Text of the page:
By: Konrad Holden
When Nichole Solas wanted to see what the South Kingstown School District would be teaching her child this upcoming year, she talked to school officials and heard things that disturbed her. After putting in an Access to Public Records Act (ARPA) request to learn more, the school committee met to discuss legal action against Solas due to the size of her ARPA request.
When Nichole Solas enrolled her daughter in kindergarten at the South Kingstown School District, she asked the principal how the school dealt with gender theory and antiracism.
The principal replied that the school generally tries to avoid using gendered terminology, going as far as avoiding calling the children “boys and girls”.
After requesting a tour of the school (which she still has not received) and a copy of the curriculum, Solas was directed to submit an Access to Public Records Act (ARPA) Request. Solas submitted a request for the school’s curriculum and eventually received a partial curriculum.
But Solas had more questions.
So she filed an ARPA complaint with the attorney general and then used the ARPA Request system to attempt to gain more information. The ARPA system initially required her to pay nearly $10,000 to complete her request.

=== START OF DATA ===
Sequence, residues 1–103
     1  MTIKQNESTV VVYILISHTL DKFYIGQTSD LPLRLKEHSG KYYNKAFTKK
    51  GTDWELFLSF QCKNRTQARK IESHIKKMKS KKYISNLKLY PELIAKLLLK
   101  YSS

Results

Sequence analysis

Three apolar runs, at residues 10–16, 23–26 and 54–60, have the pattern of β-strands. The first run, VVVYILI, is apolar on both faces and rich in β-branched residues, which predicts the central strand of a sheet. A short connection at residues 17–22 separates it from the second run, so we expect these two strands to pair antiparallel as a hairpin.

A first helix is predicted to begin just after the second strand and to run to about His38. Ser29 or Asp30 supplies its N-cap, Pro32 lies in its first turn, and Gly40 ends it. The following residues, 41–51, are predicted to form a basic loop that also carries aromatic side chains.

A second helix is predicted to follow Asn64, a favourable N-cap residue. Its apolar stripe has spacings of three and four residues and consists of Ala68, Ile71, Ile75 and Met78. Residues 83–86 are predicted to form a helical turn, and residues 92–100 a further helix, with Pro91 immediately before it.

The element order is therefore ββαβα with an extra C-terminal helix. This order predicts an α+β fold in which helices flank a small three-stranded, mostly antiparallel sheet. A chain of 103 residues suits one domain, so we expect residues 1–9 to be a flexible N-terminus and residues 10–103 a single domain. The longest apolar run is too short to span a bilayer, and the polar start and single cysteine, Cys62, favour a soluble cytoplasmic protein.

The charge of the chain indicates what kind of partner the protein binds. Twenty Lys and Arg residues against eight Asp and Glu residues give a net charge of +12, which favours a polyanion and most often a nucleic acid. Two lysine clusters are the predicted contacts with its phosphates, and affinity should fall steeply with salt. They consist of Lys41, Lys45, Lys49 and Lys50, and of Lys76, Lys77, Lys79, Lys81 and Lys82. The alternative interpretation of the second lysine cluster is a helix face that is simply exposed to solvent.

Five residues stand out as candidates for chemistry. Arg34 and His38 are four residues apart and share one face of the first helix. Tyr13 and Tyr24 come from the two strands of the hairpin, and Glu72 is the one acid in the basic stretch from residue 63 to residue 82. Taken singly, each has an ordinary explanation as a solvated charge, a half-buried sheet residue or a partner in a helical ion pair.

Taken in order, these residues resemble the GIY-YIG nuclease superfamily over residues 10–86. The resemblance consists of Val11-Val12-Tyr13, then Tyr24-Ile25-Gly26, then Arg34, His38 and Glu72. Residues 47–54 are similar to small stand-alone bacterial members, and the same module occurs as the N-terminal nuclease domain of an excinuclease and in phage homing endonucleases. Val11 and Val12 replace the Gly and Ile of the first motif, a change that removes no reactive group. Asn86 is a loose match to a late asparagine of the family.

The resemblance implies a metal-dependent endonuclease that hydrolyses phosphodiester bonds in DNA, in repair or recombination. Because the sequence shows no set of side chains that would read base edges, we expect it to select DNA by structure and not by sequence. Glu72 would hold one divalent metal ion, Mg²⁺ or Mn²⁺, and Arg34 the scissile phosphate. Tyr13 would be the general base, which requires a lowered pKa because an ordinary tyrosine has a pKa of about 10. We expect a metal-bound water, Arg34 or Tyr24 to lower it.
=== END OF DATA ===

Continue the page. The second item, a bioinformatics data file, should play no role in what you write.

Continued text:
Then on June 2, the school committee met to discuss “filing lawsuit against Nicole Solas to challenge filing of over 160 APRA requests.” That meeting ended with the school committee voting to direct their attorney to pursue mediation with Solas.
The school committee meets again on June 8, but there are no items relating to Solas on the agenda.
"I started using the APRA request google link on the school district’s website to request public documents that might answer my questions about CRT, gender theory, and other concerns. When I requested the emails of a school committee member the estimate of what they would charge me came back as $9,570. Who can afford that?" - Nichole Solas
"I can certainly understand the difficulties facing a municipal body when confronted with such a huge number of APRA requests in a short period of time. However, I am also hopeful that, upon consideration, the school committee will recognize that suing a resident for this activity is not an appropriate response." - Steve Brown, Rhode Island ACLU Executive Director